Our Brazilian centre half, Anderson dos Santos (#26), is a steady player. He’s good in the air, on the ground and is a commanding presence. He’s also effective playing just in front of the back four and can hurt teams when he pushes forward. However, I don’t think he’ll be encouraged to do this very much on Saturday, as I expect we’ll adopt a rather defensive approach.

Another Brazilian, Thiago Cunha (#37), is our main striker. He’s undoubtedly very talented – although he does have a lousy first touch – and will score goals for fun but he does tend to let himself down with outbursts of petulance and needless histrionics. I wish he’d just concentrate on his game. He’d be a much better player if he did.

The third player to look out for is Pipob On-Mo (#10). He is our club captain and is Chonburi through and through. The bloke is an absolute legend. He’s rather short and not as quick as he used to be but he will always give 100% and is totally fearless. He also chips in with the odd goal.

What style of football does Chonburi tend to play? Will that be effected by possible below zero temperatures in Beijing on Saturday?

I’m sure the players will be affected by the cold. One of our centre halfs, Jackie (#15), recently wore gloves when the temperature in Thailand dropped to the low 20s. Goodness knows how he’s going to cope in Beijing?!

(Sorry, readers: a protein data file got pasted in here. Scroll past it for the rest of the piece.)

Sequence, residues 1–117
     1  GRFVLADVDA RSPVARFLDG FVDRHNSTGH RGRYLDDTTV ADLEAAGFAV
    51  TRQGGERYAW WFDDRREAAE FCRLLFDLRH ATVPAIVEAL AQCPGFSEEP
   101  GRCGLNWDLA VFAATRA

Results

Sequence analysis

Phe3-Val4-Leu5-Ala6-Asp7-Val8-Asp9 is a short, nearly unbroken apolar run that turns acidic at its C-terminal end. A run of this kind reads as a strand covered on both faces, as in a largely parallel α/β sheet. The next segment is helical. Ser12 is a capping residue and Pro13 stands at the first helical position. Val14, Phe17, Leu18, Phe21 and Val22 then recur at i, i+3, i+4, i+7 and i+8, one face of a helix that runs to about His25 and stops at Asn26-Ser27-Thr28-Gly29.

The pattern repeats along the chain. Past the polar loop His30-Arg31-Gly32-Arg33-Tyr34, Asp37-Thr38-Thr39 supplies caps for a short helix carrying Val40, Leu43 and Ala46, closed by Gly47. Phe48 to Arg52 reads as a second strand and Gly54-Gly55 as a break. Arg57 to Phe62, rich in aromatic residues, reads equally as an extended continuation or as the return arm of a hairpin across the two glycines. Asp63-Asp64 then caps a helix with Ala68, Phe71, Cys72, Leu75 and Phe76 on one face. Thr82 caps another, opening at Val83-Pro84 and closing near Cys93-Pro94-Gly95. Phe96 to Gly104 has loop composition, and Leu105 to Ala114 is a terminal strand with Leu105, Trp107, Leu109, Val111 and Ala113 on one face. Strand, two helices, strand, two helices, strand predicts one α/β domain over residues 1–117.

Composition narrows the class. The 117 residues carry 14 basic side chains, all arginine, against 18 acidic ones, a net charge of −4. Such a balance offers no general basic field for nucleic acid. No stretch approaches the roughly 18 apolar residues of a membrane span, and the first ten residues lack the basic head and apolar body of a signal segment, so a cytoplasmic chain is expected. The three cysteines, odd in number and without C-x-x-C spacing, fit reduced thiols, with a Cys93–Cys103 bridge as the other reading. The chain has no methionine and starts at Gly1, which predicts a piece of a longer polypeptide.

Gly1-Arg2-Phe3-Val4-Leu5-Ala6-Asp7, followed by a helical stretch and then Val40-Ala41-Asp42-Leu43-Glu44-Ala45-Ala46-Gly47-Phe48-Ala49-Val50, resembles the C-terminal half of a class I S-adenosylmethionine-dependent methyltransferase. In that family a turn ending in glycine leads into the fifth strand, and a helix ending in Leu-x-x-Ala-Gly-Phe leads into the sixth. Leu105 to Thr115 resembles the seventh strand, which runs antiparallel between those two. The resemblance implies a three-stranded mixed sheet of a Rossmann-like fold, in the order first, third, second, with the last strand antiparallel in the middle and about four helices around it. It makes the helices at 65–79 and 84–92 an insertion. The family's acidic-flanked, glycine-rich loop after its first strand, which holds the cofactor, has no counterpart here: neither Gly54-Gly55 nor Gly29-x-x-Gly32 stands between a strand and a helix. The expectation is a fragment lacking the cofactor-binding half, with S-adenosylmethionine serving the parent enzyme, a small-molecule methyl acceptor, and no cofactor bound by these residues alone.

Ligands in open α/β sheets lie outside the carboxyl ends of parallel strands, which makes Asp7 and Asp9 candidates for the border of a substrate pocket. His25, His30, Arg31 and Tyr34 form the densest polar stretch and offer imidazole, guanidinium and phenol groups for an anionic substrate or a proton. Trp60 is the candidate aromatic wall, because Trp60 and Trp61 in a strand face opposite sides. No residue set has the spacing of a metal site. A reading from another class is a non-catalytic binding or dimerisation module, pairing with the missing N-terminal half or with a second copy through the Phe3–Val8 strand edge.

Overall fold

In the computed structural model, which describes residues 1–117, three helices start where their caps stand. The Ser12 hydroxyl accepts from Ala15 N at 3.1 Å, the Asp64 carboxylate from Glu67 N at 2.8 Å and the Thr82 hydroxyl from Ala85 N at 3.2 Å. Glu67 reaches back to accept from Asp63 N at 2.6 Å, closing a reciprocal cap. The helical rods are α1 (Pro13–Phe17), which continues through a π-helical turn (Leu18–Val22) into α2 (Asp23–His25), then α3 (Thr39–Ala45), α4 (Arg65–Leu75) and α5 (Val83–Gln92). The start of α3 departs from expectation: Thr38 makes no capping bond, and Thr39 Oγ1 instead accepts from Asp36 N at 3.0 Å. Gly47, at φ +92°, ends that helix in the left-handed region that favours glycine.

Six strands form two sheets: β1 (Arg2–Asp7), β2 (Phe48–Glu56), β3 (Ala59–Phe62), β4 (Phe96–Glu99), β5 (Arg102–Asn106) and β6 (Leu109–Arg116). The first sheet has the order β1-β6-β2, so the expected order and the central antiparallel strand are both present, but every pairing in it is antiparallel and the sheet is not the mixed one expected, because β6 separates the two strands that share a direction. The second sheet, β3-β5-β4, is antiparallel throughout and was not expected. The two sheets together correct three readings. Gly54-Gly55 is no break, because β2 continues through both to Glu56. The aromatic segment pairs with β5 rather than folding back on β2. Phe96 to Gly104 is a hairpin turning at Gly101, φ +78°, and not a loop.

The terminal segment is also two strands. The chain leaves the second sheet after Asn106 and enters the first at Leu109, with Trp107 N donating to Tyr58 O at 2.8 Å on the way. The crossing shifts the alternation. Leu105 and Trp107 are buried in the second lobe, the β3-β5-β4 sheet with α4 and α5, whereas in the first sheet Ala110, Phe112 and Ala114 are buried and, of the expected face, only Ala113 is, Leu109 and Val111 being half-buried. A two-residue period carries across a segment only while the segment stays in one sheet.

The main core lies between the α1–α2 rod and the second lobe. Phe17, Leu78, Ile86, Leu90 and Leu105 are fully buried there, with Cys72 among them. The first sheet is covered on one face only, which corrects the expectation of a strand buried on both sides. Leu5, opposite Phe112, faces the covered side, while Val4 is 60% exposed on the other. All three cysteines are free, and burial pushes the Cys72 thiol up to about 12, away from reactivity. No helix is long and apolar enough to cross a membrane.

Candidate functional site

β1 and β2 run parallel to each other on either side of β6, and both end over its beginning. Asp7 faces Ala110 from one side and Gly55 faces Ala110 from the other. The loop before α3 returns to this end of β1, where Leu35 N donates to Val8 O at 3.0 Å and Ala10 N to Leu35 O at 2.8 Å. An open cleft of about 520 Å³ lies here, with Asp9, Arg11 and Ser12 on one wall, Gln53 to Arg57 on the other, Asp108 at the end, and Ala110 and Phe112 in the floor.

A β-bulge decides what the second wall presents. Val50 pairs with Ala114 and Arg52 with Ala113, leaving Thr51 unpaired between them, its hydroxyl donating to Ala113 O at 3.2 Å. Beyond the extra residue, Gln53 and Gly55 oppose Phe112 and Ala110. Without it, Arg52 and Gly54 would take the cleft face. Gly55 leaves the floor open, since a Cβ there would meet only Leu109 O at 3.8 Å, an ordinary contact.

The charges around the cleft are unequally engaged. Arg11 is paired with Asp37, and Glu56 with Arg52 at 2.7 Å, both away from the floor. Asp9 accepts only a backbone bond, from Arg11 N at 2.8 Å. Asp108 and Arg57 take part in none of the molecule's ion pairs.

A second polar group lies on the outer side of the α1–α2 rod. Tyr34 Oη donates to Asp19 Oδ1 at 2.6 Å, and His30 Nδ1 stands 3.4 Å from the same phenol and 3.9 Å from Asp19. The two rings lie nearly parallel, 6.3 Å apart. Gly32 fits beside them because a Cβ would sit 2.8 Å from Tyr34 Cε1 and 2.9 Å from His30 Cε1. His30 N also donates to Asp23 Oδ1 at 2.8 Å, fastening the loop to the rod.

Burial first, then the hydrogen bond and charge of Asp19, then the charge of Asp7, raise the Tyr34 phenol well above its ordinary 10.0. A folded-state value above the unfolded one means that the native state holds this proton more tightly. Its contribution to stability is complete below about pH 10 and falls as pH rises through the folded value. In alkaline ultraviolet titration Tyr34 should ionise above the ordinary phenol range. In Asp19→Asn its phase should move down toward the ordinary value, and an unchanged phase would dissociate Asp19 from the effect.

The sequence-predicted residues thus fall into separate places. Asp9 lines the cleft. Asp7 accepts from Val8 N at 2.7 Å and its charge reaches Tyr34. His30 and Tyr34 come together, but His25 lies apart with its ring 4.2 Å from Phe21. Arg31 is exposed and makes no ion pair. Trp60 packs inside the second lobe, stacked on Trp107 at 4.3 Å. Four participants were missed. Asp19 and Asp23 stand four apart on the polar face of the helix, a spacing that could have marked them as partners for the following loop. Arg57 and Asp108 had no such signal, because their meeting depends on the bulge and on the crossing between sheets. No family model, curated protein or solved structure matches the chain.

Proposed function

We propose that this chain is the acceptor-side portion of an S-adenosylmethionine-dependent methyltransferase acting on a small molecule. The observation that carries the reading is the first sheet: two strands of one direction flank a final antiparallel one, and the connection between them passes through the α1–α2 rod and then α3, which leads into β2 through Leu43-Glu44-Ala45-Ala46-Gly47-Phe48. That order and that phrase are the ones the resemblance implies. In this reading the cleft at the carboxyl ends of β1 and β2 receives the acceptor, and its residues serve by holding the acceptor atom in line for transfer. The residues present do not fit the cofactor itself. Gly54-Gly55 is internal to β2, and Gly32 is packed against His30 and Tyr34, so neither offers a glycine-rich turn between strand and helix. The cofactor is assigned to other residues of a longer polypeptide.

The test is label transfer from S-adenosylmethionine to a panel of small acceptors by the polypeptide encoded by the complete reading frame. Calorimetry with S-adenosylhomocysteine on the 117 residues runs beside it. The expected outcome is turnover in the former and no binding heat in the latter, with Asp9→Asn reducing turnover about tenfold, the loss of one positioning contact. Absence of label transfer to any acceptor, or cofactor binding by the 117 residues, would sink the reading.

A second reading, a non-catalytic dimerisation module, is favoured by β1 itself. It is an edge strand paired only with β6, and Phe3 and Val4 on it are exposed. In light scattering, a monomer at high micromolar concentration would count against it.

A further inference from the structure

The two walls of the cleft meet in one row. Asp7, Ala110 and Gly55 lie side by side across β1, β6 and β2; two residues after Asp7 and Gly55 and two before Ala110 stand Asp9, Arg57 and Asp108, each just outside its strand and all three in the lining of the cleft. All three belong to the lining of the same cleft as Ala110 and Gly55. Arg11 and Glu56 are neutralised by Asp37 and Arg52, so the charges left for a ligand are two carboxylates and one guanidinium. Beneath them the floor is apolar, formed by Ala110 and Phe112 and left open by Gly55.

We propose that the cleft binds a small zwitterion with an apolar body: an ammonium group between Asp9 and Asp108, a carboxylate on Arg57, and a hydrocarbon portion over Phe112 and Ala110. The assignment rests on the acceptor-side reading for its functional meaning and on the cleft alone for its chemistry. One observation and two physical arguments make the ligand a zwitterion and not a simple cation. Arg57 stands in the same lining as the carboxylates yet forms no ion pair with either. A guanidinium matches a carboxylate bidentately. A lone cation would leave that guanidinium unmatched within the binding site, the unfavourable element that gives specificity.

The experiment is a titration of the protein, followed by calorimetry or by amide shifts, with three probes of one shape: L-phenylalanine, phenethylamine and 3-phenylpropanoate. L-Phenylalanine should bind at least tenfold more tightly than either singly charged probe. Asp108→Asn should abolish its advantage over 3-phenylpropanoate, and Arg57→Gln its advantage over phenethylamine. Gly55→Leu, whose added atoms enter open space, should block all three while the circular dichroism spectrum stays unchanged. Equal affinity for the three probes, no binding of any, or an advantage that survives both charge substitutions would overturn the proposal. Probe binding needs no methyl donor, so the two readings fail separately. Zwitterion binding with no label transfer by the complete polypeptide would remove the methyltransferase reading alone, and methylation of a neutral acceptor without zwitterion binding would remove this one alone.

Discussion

As for our style of play – I can’t really comment. Our new coach, Masahiro Wada, has only been in charge for one competitive match (v. South China last Sunday) so it’s impossible to say how he will set his team up. Although, I won’t be too surprised if it’s a defensive 4-5-1 formation.

What would it mean for the side to reach the Champions League?

It would be a huge achievement. We weren’t that impressive last season and, as I said earlier, we only scraped into the qualifying rounds for this year’s AFC Champions League. I have mixed feelings about making it through to the group stages. On the one hand, I want us to win every game we play, but, on the other, I think it will be too much of a distraction. I can see us struggling against the quality of opposition we would face in the next round and I’d much rather concentrate on winning one of the domestic cups and finishing as high up as possible in the TPL, than jetting off all over the continent on a fanciful quest for glory. However, I’m sure that the club management would welcome the extra revenue and media exposure.

Want to make a prediction regarding the match?

I can’t see us winning, so I’m just hoping we can give a good account of ourselves and keep the score respectable. 2-0 to Guoan.

Brandon Chemers aka B. Cheng aka A Modern Lei Feng – is a name which may be familiar to many in the Chinese blogosphere. He currently serves as Editor-in-Chief for Wild East Football and is one of the lonely souls writing about Chinese football in English for the last 10 years. Chemers' credentials are second to none – his former blog focused not only on the fortunes of his beloved Beijing Guoan FC, but a multitude of other aspects of Beijing life. He’s deservedly built a reputation in the Chinese blogosphere as an insightful observer of not only Chinese football, but also the wider picture of life in modern China and its many layers. For WEF, beyond writing about Guoan, he often focuses on fan culture and the business of Chinese football.